Rabbi Marvin Hier, the dean and founder of the SWC, claims that "all citizens of Israel" - Jews and non-Jews - would be the "real beneficiaries" of the decision. "Moderation and tolerance have prevailed. The museum . . . will be a great landmark promoting principles of mutual respect and social responsibility," he says. Others point out that the SWC campaigned for 15 years to remove a Carmelite convent from the grounds of Auschwitz, arguing that nothing should be built on the "single largest unmarked human graveyard in history", and say Mamilla should be accorded similar respect.

Rabbi Hier says the comparison is "ludicrous", not least because "the Arabs" did not treat the site as a cemetery when it was a car park. He maintains that the religious leaders of the Muslim community have ruled that the site was mundras, or abandoned, and says that in 1946 there were plans to build a university on the land. But critics say he has misread the nature of such schemes. According to Yehoshua Ben-Arieh, a professor of geography at the Hebrew University of Jerusalem who is one of the leading authorities on the city's recent history, they were "curiosities" that were never likely to be implemented.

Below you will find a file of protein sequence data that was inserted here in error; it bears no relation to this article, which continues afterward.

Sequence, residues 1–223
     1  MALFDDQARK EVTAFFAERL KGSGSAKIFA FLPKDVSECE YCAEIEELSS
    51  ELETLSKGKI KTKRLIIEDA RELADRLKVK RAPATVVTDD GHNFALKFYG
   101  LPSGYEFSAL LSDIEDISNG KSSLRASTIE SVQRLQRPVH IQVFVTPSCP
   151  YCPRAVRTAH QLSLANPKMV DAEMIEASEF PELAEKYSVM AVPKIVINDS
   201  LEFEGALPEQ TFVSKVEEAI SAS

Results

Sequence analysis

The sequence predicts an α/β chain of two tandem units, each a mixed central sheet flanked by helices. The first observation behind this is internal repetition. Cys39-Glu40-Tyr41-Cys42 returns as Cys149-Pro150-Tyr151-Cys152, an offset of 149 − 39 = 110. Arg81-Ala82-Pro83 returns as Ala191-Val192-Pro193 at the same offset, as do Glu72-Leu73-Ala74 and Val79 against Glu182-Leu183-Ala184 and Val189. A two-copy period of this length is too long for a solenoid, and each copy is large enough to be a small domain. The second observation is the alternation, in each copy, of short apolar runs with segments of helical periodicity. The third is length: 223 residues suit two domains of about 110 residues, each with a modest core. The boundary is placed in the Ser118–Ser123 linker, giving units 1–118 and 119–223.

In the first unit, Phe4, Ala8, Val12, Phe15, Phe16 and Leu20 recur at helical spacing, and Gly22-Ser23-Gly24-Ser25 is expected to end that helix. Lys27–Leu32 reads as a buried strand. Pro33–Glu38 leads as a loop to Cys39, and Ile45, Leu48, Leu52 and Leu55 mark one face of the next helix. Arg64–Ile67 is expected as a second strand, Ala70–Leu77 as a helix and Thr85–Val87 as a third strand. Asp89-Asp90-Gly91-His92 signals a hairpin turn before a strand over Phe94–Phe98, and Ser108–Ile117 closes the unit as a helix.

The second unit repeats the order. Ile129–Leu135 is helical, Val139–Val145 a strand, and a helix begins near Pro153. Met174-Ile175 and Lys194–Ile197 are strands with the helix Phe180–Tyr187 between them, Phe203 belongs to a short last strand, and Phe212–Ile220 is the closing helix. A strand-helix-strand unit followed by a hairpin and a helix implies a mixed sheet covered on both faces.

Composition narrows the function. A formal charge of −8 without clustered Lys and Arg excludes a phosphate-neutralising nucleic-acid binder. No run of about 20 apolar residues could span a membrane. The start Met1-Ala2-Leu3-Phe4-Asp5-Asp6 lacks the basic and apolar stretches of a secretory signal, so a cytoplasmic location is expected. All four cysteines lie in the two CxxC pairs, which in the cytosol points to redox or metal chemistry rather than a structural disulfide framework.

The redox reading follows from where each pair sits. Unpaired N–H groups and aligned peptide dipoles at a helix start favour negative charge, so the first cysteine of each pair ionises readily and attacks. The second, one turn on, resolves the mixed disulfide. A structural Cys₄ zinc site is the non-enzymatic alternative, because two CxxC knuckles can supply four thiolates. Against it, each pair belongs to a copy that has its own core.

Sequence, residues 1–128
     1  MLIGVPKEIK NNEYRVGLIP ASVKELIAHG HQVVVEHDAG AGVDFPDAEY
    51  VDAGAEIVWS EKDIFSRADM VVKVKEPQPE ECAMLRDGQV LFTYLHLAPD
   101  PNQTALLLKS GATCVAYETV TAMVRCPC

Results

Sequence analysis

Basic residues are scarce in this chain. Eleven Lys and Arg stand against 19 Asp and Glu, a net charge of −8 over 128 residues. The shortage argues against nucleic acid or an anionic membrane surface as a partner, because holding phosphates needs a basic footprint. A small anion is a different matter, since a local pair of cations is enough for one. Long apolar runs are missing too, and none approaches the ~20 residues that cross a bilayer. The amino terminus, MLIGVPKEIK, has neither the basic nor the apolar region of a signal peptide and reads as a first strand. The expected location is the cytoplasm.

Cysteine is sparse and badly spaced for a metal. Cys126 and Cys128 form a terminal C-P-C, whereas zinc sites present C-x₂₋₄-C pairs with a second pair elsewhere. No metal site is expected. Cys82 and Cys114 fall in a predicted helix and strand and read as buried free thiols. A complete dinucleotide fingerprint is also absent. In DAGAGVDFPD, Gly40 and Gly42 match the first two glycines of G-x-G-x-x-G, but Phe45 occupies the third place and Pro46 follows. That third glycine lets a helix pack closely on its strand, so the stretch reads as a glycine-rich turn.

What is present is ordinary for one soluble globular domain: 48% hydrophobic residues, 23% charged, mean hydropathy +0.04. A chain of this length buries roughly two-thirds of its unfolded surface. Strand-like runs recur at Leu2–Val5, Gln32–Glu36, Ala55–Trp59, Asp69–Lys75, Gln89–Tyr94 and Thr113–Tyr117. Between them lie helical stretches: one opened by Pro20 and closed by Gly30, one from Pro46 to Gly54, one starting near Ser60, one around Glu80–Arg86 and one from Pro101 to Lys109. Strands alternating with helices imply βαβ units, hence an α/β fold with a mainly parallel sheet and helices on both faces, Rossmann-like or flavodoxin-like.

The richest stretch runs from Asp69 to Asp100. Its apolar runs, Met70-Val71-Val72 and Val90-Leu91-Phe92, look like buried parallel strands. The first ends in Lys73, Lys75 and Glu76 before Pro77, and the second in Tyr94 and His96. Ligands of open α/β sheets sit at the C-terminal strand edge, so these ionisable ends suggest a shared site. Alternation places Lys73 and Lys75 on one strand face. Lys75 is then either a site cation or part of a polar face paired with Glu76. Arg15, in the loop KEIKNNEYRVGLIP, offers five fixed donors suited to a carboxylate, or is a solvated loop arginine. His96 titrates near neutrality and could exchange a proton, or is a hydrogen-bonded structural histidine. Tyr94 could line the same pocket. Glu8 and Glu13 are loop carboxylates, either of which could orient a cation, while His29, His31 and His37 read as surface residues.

Shattered stone

Besides, what the Mufti of Jerusalem might once have sanctioned is not the point, Ben-Arieh says: what matters is the way in which Israel is treating an important Muslim site located within its sovereign territory. Gershon Baskin, an Israeli Jew who runs a joint Palestinian-Israeli public policy organisation called Ipcri, recalls the reaction when Israel captured East Jerusalem in 1967 and discovered that many graves in the cemetery on the Mount of Olives had been damaged or destroyed.

“Imagine the outrage if the Palestinians were building a Museum of Tolerance - or anything else - on what was once a Jewish cemetery," he says. "Would it matter if the cemetery was not active and in use since 1948, or that it was being done legally?

“The Wiesenthal Centre project in Jerusa­lem is a disgrace to the Jewish people, the state of Israel and the city of Jerusalem. Shimon Wiesenthal would be turning in his grave if he knew what is happening in his name."